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Ideas, resources and tips to help you unlock your imagination. The blog archive has years of content for artists and designers such as:

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No One Understands Graphic Design

Graphic design is everywhere. Our work is seen by thousands. Often we're uncredited and our role in the process is diminished. After all, we are hired to visualize another company or person's vision. When you tell someone you're a graphic designer, be prepared for the barrage of questions about exactly what that is. Part of it that is that our industry uses the term graphic design to refer to a wide variety of specialties. Sometimes that makes it easier for us to take on different types of work. Sometimes it makes it hard to tell people we specialize in print and not web...

You're more function than form

Design has always been about functionality. Whether it's to market a product or to help instruct on it's use, what differentiates design from non-commercial art is that we have a function. Let's take flat design, which web designer Luke Clum so eloquently deconstructed as a user friendly step forward in his beginners guide for Creative Blog. The premise of flat design is using simplicity to our advantage to grab attention and focus on the most basic elements. Solid blocks of color and simple type choices help using flat design very straight forward. This has become especiallyl useful in smart phone apps where designers attempt to balance branding with ease of use for consumers on the go.

You're not in an art museum...yet

"Graphic design needs it's time in the spotlight," writes Olly Wainwright for the The Guardian. While various museums and institutions are dedicated to architecture and crafts, we're just starting to see graphic design rise. Wainwright tells us about initiatives in London and how design is seen in British culture specifically. As a print designer, I found it especially interesting that print is still a huge and growing part of the industry. As much as we are told about digital, there is still a big market for analog products. Are there any initiatives in your area that show off the art of design? How do you tell people about your job?

You're not a computer program

Have you seen the video "FYI I'm a graphic designer" with mention after mention of graphic design in television and movies? "I'm a graphic designer," we hear in the film by London based designers Ellen Mercer and Lucy Streule. "So is everyone with a laptop." In pop culture, graphic design exists in a Jetson's like future where a push of the button does it all. In Hollywood, it seems like graphic designers are portrayed as if we're failed artists, that it's something anyone can do, and that there's quality design is easy. In real life, even the most well-educated designers are challenged by our work. It's still funny and cool to laugh at ourselves. There's a lot more depth and hilarity to our work! I love all of the parts where they try to explain to people what they're job is...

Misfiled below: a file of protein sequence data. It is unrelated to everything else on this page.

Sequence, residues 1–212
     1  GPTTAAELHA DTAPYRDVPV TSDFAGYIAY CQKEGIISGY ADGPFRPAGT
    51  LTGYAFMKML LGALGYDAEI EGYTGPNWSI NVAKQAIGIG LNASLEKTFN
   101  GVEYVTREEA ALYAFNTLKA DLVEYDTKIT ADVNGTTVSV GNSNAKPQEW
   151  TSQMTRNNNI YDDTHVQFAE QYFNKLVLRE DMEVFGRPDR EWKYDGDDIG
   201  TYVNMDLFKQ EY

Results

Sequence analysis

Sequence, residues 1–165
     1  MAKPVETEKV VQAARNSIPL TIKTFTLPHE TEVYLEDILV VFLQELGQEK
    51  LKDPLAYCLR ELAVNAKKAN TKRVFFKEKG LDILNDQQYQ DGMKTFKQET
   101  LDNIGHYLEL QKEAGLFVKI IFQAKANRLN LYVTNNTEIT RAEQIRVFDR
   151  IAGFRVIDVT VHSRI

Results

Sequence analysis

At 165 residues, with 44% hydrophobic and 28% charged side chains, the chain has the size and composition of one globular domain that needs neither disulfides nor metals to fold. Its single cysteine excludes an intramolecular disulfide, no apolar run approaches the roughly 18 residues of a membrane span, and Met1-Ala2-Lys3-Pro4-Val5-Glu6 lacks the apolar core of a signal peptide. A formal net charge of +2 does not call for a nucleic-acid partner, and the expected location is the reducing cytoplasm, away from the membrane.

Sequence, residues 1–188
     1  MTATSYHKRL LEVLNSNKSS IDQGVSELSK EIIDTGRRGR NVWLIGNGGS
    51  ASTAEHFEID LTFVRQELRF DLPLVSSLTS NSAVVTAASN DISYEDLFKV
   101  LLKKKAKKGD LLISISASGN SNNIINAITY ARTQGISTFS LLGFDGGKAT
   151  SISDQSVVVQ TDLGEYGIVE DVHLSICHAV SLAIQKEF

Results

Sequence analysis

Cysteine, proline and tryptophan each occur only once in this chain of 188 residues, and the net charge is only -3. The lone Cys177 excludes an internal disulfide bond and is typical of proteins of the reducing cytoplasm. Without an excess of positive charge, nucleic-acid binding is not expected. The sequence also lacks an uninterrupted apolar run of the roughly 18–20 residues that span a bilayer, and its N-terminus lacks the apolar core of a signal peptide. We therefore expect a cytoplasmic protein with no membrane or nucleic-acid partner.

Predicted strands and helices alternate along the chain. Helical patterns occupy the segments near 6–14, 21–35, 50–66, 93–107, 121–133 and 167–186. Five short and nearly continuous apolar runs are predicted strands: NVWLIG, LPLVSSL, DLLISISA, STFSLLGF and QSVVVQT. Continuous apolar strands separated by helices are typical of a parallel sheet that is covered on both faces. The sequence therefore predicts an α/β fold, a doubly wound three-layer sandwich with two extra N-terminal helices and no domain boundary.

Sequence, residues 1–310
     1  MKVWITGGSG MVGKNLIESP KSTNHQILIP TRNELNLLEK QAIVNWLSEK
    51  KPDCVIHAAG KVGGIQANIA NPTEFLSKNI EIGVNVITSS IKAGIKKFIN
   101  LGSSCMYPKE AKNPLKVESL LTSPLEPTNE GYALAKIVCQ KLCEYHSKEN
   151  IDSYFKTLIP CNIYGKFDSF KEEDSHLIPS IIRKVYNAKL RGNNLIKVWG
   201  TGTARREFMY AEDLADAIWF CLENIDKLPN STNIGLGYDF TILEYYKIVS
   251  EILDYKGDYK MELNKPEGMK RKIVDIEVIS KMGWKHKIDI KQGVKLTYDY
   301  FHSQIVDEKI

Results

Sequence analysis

You're not photoshop

No seriously, Photoshop doesn't design things. A lot of designers don't even use Photoshop much for their work. I'm more likely to be in InDesign and Illustrator when I'm designing magazines and infographics. It's like saying anyone can use paint. It's very true that anyone can put paint on a canvas. It's just a tool. Anyone can cook. Doesn't make you a chef. Speaking of tools, the San Diego Reader's Ask a Hipster column explains the stereotypical connection between hipsters and graphic design. Do you agree with his assessment that it's the perfect stereotype of the mdoern day hipster.

You're not just a designer

In an interview with designbloom, designer and art director Jorge Leon talks about how he has a life outside of deisgn. "I love being a graphic designer," says the designer who works out of Barcelona. "but I can also imagine myself being a photographer or something equally creative."


Awesome Secrets to Super Inspired Procrastination

If you're anything like me or the rest of the human race, you have put things off that in theory you would want to do. Yet the time to act is never right now. You haven't decided when. Even if you did know when, then we have to figure out how. Trying to move an idea from imagination to completion is really tough!

I always tell friends or even strangers that I'm waiting for my roommate, Lamount Montgomery to do all the things. Lamount doesn't wash dishes, load laundry or vacuum. Laziest roommate ever, I lament. I'm not doing it until he does! Unfortunately for both of us, Lamount is just my Cabbage Patch kid that I've had since I was a child.

“Procrastinate now, don't put it off.”
Ellen DeGeneres

The story starts in the boom of the 80s. My mom wanted to get the uber popular toy for her three kids. Sold out everywher, she took advantage of a local bank that traded the toys in exchange for opening a bank account for kids. In all these decades since, he doesn't have much to say for himself. No matter how long I wait, nothing seems to get done. Maybe a few of these tips could help me and Lamount out?

Write it down, don't memorize

DON'T be too quick to judge your ideas as good, bad or impossible.
DO write thoughts in the most convenient way possible.

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In one of the most popular productivity books out there – Getting Things Done, David Allen sets forth the basic principle of productivity: Write it down. Rather than stewing in worry, find a place to write all things down. We can make it a habit of writing down a next step rather than worrying. The "next step" is a doable task.

Write your task where ever it makes sense. It might be on your calendar, on your to do list, just in a strip of notes. I keep endless notes in the "cloud" using Google Tasks and an Android app. I save all articles, thoughts, and titles that come to mind. When I sit down to paint or draw, I already have all of my ideas ready for me to act. This isn't the time when we ask if an idea is important, good, or bad. I keep track of the terrible ideas as much as I do with the good ones. That's something I can figure out in the next steps.